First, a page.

Organisations are made of unheroic work — those thousands of everyday actions and decisions that keep your particular engine turning. Hidden and often unexamined, it is the lion-share of what people do in their jobs.
I call the gap between what you say is most important and how people do that work the lost valley.
Unheroic work lives in the shadows. It’s often the last place people look for purpose and values to show up. So I’m on a mission to make that endeavour the first place they look.
Thinking more deeply about what you’re doing and how it happens can bring fresh air into the musty corners where purpose and values rarely reach. It’s not always little things. It is always under-appreciated.
Your organisation’s unheroic work might include …
Stocking the shelves
Entering the latest data
Greeting people who visit the office
Organising sandwiches for the workshop
Checking references of new hires
Pulling together the company newsletter
Making sure there is milk in the fridge and paper in the copy room
Meeting with the team to check on progress
Talking to someone unhappy about their work
Crunching numbers for the budget
Troubleshooting an outage
Setting up new users on the network
Answering the customer’s question again
Deciding who will get a credit account
Reviewing an insurance claim
Meeting another new prospect
Checking that materials from the supplier are on the way
Assigning people their shifts
Supporting a colleague who’s having a rough day
Proof-reading the tender document …
There’s plenty of low-hanging unheroic fruit. The easy to reach places you can put your purpose and values into action. To get beyond the obvious, you’ll need to climb into the branches of your operations.
Care about sustainability — easy to order jaunty rolls of Who Gives a Crap rather than whatever was cheapest to buy in bulk is easy enough. Less obvious to rethink processes and get rid of the legacy paper trails. Or for someone in finance to add your carbon footprint to the balance sheet.
Customers first tops your list — keeping your call centre in-house or local is a win-win. More radical is making part of everyone’s job, spending at least some time answering calls or working the front counter.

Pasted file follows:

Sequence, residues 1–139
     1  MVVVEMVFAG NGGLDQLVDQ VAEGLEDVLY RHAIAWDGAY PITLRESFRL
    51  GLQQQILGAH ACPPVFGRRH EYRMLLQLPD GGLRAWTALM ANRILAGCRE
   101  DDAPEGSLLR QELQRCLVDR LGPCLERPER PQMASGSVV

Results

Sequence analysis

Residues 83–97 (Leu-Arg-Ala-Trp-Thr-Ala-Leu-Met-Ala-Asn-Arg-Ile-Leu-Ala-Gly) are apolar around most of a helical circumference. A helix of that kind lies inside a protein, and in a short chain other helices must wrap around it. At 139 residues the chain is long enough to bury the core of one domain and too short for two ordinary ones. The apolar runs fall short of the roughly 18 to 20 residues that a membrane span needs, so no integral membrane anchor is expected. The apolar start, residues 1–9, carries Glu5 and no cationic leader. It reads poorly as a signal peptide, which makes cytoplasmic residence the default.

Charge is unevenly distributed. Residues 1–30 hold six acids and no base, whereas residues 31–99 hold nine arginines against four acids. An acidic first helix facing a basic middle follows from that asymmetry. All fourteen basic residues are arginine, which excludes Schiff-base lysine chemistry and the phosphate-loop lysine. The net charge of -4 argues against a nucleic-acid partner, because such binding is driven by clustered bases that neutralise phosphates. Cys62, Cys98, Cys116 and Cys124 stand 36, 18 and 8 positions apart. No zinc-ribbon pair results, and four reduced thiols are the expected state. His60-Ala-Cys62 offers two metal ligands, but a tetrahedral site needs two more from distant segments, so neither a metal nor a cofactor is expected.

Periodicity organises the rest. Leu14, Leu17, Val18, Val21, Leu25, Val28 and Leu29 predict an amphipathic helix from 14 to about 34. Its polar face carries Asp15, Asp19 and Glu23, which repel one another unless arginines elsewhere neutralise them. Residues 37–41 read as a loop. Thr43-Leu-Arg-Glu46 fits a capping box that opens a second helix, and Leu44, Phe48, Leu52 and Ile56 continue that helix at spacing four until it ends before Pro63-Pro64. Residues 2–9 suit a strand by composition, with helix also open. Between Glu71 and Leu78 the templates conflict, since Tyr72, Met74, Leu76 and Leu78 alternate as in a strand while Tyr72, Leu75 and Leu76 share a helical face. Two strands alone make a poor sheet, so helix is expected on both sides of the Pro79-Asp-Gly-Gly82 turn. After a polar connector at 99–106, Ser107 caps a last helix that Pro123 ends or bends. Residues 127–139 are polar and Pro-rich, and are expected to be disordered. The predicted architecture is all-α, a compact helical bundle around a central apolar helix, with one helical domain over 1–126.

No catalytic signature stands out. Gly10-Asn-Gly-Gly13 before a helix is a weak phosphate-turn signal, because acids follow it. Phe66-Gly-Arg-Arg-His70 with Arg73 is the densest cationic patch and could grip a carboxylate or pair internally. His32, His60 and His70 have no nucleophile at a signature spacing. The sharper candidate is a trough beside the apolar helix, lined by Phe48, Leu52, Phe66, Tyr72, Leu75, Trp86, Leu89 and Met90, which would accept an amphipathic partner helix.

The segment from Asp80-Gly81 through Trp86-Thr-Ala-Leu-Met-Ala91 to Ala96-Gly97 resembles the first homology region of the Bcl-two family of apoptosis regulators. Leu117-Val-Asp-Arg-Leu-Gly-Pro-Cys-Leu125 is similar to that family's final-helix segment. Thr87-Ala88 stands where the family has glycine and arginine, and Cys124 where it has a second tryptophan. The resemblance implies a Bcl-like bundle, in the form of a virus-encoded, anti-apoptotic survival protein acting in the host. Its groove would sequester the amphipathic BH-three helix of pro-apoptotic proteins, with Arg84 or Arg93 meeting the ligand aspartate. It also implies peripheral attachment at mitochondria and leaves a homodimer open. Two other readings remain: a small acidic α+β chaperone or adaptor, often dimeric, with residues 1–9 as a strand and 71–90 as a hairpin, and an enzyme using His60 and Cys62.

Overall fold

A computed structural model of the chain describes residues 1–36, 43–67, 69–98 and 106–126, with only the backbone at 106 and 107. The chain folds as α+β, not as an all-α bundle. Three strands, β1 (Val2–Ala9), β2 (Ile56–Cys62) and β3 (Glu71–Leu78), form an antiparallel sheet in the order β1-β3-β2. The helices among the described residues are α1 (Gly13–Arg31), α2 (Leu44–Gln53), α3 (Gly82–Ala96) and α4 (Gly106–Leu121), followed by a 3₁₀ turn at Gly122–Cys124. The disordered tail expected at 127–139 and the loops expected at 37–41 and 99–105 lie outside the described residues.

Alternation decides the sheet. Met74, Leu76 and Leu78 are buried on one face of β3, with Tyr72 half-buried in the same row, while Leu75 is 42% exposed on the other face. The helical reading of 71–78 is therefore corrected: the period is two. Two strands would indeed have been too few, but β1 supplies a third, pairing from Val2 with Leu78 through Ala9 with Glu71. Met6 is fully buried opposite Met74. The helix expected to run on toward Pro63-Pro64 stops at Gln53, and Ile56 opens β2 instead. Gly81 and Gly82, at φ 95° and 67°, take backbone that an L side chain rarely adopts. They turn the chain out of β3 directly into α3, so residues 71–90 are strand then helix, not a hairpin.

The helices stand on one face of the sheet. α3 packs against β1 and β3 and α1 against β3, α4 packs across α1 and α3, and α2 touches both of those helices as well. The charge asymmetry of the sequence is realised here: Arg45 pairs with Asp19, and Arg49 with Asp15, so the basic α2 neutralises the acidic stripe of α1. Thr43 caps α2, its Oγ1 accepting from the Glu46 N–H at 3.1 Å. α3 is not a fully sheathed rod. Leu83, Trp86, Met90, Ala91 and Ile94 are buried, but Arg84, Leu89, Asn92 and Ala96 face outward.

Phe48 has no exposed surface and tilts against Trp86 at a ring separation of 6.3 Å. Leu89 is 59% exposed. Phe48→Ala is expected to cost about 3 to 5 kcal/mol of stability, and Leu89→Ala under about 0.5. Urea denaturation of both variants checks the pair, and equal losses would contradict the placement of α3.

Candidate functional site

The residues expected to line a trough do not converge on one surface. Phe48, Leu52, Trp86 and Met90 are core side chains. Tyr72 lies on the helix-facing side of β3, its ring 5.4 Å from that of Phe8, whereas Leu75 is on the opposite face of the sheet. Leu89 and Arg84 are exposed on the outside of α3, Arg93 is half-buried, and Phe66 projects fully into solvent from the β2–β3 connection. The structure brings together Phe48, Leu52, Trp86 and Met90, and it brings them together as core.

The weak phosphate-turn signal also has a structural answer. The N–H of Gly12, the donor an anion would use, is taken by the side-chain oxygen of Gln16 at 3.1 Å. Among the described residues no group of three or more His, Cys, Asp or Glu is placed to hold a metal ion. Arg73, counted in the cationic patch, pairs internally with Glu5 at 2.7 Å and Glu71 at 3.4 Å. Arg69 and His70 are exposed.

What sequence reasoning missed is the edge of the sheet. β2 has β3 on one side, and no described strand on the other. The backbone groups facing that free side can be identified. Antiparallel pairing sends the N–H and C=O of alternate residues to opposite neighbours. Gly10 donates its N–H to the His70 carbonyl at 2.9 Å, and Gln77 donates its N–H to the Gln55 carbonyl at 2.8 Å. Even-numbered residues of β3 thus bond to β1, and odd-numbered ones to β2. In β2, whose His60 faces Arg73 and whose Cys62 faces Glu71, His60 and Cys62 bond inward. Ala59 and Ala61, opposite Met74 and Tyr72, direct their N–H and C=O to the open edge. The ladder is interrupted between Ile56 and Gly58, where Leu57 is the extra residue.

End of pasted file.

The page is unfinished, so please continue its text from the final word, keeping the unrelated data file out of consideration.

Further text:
Innovation is your jam — stick a suggestion box channel on Slack to get you started. Still, good ideas can come from unexpected places, so don’t stop there. Invite someone from the warehouse or accounts to the next business brainstorming session. Follow 3M implementing 15 per cent time, a program allowing all employees to use paid time to blue sky their ideas (no, it wasn’t Google who did it first).
Quality is your bedrock — push past a standard guarantee. Then borrow from Patagonia and dig under how you think about quality and scour the enterprise for places to up the ante. Remove those corner piles of rubbish. Keep the work vans clean. Buy things that last and avoid no name, no stick Post-it notes (ok, that’s one of my pet peeves).
Find the intersection between your unheroic work and habits. Click here
Every day, people face choice about what they are doing and how they are doing it. Sometimes both are up for grabs. But, a lot of times, it’s only how.
Unheroic work is often individual, not collective, so it becomes business as usual and viewed as insignificant, almost unworthy of consideration.
Alain de Botton, modern philosopher and founder of the School of Life, captures the lost opportunity in his article about how working life can become more meaningful.
“Each of us considered singly may not be such an impressive thing but we rise to the grandeur of the projects we collectively engage in: a cathedral turns the humblest stonemason into a servant of the sublime.”
So too, when unheroic work is considered collectively and corralled towards what matters most, it’s possible to emerge from that lost valley as a beacon of identity in action. Proof-positive your purpose and values are what matter most.
What does your unheroic work reveal?
See you next time.